PDE4 inhibitors such as apremilast are prescribed for the treatment of psoriasis in individuals who don’t respond to topical treatments or who cannot take other drugs such as the biologics Enbrel (etanercept) and Humira (adalimumab). Apremilast is also used in individuals who are unable to take other types of medications due to prolonged treatment with corticosteroids or underlying medical conditions such as cancer, HIV, heart failure, liver disease, or nervous system disease.

What Can You Expect When Taking PDE4 Inhibitors?

Apremilast is available as a 30-milligram pill that is taken orally (swallowed). Apremilast pills should be swallowed whole without crushing, chewing, or splitting. Apremilast is usually taken twice a day, 12 hours apart. In some cases, dermatologists recommend slowly increasing the drug dose for the first seven days to reduce potential gastrointestinal side effects. Apremilast pills can be taken with or without food and can be used alongside other psoriasis treatments such as phototherapy.

Side Effects

PDE4 inhibitors like apremilast are generally safe. They are associated with some side effects, but these are usually mild. According to the American Academy of Dermatology Association, common side effects of apremilast include:

  • Headache
  • Diarrhea
  • Nausea and vomiting
  • Upper respiratory tract infections
  • Runny nose and sneezing

In rare cases, apremilast can cause severe side effects such as mood changes, depression, or suicidal thoughts. Anyone considering PDE4 inhibitors like apremilast should discuss their history of depression with their dermatologist. In addition, people with kidney disease or people who are pregnant, breastfeeding, or planning to become pregnant should discuss potential side effects with their dermatologist before taking apremilast.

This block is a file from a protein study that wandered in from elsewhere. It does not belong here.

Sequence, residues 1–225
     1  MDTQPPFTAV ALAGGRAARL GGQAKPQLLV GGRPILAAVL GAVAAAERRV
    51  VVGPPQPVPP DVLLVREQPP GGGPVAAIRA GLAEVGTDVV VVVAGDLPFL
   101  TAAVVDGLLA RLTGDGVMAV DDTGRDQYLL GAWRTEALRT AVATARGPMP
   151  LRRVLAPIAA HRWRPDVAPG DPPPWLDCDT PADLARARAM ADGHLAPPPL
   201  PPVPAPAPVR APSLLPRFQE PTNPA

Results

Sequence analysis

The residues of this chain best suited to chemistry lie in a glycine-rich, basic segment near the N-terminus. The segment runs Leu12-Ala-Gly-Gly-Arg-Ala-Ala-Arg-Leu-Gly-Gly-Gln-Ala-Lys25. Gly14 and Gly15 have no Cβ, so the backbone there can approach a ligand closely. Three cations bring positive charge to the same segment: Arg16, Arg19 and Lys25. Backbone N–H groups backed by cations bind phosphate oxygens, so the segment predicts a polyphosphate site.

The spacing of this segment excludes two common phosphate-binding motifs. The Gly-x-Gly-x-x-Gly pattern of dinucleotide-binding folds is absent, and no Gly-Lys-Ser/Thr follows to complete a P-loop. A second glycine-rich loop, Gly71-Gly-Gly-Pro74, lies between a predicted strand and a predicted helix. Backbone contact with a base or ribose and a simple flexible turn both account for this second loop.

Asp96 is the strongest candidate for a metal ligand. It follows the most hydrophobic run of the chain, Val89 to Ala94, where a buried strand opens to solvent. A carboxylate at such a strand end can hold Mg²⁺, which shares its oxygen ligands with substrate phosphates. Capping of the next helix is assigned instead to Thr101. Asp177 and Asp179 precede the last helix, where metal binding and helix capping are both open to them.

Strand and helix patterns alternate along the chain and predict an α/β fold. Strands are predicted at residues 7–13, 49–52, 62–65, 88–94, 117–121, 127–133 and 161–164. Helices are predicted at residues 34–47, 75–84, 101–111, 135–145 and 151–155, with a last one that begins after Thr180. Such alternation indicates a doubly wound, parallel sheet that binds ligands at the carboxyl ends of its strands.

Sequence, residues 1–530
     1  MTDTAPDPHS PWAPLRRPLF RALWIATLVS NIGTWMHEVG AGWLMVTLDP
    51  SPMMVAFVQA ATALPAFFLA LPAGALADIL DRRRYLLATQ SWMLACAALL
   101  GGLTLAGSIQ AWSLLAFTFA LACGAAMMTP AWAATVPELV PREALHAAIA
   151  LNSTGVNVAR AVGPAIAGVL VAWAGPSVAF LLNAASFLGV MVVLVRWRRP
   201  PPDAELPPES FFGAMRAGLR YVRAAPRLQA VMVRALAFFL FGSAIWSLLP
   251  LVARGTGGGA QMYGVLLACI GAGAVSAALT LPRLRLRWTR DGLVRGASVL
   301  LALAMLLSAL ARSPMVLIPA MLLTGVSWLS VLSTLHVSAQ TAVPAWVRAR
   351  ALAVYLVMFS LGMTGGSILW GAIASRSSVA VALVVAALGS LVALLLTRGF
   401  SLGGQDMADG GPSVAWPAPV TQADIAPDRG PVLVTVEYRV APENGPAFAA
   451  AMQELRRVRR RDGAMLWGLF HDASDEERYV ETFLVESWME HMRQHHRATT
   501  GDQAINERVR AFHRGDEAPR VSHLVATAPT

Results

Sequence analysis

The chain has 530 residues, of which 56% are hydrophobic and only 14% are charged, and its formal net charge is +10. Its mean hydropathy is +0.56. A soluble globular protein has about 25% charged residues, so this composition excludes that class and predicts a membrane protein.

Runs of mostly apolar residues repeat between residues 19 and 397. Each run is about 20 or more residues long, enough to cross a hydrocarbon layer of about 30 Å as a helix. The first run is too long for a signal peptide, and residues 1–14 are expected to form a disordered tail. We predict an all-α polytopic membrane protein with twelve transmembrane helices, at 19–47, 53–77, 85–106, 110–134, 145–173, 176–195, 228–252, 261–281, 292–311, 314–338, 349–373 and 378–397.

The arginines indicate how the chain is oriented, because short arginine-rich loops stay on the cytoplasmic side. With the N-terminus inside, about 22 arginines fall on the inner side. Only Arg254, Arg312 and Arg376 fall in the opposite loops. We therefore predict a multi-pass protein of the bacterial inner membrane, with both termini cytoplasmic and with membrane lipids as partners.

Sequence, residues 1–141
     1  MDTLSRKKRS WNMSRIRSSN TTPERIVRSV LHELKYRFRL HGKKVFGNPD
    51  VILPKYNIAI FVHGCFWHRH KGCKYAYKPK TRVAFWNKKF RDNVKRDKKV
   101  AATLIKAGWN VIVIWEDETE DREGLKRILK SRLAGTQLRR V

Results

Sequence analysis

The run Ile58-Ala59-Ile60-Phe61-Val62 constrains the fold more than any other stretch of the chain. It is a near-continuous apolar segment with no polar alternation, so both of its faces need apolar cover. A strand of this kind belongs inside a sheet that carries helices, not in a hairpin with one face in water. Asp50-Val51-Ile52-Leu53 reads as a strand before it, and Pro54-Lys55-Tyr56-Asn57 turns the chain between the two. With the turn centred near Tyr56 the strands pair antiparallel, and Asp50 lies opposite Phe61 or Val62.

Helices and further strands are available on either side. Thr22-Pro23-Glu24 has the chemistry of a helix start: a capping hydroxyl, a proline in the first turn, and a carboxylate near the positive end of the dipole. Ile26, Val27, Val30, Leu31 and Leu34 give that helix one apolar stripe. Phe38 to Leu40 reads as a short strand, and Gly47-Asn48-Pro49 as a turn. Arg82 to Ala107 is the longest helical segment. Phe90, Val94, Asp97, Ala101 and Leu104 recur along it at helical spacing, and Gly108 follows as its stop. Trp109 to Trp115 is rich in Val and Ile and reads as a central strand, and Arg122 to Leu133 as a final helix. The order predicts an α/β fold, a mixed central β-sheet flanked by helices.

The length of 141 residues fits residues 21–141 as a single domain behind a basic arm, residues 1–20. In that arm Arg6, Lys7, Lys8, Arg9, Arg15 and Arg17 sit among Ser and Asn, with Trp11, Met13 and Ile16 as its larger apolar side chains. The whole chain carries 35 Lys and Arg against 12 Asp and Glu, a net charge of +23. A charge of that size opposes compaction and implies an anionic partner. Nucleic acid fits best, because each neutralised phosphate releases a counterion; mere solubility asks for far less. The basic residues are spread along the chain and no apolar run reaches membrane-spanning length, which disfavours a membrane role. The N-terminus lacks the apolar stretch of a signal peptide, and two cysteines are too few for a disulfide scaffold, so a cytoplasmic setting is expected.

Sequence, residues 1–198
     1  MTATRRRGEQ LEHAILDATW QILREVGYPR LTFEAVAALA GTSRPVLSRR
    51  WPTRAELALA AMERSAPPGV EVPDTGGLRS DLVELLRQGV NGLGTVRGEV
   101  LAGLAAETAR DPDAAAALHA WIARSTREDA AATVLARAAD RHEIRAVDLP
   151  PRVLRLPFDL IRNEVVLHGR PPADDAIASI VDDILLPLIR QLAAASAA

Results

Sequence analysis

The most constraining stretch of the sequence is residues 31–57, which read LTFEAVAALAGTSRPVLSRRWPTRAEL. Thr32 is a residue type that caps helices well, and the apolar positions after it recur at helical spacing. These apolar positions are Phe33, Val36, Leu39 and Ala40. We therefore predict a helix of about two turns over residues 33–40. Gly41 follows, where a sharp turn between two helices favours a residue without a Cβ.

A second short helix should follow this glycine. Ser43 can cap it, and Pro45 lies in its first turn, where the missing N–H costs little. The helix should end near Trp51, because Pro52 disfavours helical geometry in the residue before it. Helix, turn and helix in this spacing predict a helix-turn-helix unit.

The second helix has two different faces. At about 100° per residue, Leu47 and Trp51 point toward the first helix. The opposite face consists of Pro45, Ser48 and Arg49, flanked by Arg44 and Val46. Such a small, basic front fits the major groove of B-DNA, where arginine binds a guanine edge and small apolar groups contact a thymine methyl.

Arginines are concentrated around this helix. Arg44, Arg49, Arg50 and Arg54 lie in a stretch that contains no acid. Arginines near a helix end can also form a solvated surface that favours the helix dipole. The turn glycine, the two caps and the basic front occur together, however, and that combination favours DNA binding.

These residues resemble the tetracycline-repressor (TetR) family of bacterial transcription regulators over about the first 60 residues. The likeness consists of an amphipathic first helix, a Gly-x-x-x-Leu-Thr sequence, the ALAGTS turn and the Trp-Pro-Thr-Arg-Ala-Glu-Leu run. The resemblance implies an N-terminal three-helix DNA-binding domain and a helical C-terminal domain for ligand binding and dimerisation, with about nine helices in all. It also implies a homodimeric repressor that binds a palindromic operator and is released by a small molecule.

Drug Interactions

Apremilast can interact with other drugs, so individuals need to discuss all of their medications with their health care team. Due to the potential for side effects, apremilast should not be used with certain drugs that increase levels of liver enzymes, such as rifampin and carbamazepine.

Talk With Others Who Understand

MyPsoriasisTeam is the social network for people with psoriasis and their loved ones. On MyPsoriasisTeam, more than 99,000 members come together to ask questions, give advice, and share their stories with others who understand life with psoriasis.

Do you take PDE4 inhibitors, or are you considering starting treatment? Share your experience in the comments below, or start a conversation by posting on your Activities page.

All updates must be accompanied by text or a picture.
Ariel D. Teitel, M.D., M.B.A. is the clinical associate professor of medicine at the NYU Langone Medical Center in New York. Review provided by VeriMed Healthcare Network. Learn more about him here.
Candace Crowley, Ph.D. received her doctorate in immunology from the University of California, Davis, where her thesis focused on immune modulation in childhood asthma. Learn more about her here.